# filter mystery output

I was reading about `filter`, `lambda` and `map`. When I tried using them, I found this peculiarity :

``````def returnAsIs(element):
return element

print range(10)
print filter(returnAsIs, range(10))
print map(lambda x : x, range(10))

[0, 1, 2, 3, 4, 5, 6, 7, 8, 9]
[1, 2, 3, 4, 5, 6, 7, 8, 9]
[0, 1, 2, 3, 4, 5, 6, 7, 8, 9]
``````

Why is filter omitting the first entry ?

• how you read what `filter` does? – Karoly Horvath Sep 29 '15 at 15:19

Why the element `0` gets skipped in `filter()`?

This is happening because value `0` evaluates to `False`.

As per the `.filter()` docs:

Construct a list from those elements of iterable for which function returns true.

So, when we apply `filter(function, iterable)` to an `iterable`, only those elements are returned for which the function returns `True`.

When Python iterated over the elements from `0` to `9`, it checks which element evaluates to `True` and only those elements are returned. Now, `0` evaluates to `False` so this value is not returned by `filter()`. Only the elements from `1` to `9` are returned.

How to check the boolean-ness of an element?

Since your function is returning the element as it is, we need to check which elements evaluates to `True`. Only those elements will be returned which evaluates to `True`.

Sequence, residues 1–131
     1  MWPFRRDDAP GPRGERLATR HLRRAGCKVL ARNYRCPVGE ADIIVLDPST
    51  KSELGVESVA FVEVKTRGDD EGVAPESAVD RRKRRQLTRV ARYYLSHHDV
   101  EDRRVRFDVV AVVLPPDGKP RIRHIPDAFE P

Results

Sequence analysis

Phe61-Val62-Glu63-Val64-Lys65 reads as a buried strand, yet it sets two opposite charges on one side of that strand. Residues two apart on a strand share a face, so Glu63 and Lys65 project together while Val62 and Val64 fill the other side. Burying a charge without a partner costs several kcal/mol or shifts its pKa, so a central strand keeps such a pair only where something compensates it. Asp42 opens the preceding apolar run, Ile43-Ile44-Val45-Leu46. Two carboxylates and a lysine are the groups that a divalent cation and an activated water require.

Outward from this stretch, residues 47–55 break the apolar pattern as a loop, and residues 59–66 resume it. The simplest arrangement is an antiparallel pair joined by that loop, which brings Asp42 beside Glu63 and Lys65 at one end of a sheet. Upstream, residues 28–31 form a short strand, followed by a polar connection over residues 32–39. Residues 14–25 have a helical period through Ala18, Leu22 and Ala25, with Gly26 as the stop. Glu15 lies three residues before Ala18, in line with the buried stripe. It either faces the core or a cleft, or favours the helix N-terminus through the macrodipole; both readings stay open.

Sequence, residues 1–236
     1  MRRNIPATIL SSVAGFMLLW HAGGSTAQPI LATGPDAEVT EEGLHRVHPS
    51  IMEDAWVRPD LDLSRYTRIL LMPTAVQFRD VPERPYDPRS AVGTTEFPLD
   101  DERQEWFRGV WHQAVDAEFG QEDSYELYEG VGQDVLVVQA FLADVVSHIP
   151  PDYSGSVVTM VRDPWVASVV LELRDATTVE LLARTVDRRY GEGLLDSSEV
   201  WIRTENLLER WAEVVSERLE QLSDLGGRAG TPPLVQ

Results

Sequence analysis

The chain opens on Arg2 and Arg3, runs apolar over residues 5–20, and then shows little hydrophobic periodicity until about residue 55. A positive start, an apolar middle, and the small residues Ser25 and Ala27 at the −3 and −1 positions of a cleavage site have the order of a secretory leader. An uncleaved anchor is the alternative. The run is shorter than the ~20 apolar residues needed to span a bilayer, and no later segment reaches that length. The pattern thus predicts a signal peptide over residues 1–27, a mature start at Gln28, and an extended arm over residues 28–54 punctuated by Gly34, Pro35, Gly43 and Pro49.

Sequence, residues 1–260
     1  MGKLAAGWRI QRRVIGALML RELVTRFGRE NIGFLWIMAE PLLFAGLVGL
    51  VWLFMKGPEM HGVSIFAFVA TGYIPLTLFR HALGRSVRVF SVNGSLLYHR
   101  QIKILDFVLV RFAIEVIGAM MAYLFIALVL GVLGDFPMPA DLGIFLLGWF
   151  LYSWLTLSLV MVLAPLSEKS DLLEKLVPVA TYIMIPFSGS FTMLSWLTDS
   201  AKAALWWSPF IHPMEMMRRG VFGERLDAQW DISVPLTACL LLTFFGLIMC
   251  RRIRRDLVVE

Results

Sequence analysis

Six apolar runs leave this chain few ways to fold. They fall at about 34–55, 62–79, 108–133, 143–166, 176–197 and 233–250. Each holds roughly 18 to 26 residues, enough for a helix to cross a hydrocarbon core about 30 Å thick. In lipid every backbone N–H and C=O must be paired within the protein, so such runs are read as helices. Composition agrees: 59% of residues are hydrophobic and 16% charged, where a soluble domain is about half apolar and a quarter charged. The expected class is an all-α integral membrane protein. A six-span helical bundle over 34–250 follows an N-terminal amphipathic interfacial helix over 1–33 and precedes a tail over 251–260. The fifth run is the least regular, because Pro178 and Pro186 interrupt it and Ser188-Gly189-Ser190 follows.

To check for the boolean-ness, we can use the `bool()` function.

``````In [1]: for x in range(10):
...:     print x, bool(x)
...:
0 False # boolean-ness of '0' is False
1 True
2 True
3 True
4 True
5 True
6 True
7 True
8 True
9 True
``````

This is because python treats `0` as False. You can check this out using the function `bool`

``````>>> bool(0)
False
``````

When you read from the docs,

Construct a list from those elements of iterable for which function returns true.

Hence `0` is not returned after the filter function as the value evaluates to `False`. Similar is the case when you have `0` any where in the list

``````>>> print filter(returnAsIs, [1,2,1,0])
[1, 2, 1]
``````

The filter function checks if the value is true or false. the true values are taken into account and value for which false is returned the values are rejected and on completion a list is returned... below is better representation

`filter`(function or None, sequence) -> list, tuple, or string

Return those items of sequence for which function(item) is true. If function is None, return the items that are true. If sequence is a tuple or string, return the same type, else return a list.

• I have edited to make it better so that people themselves will find it useful, instead of you asking for them :) – Bhargav Rao Sep 29 '15 at 15:47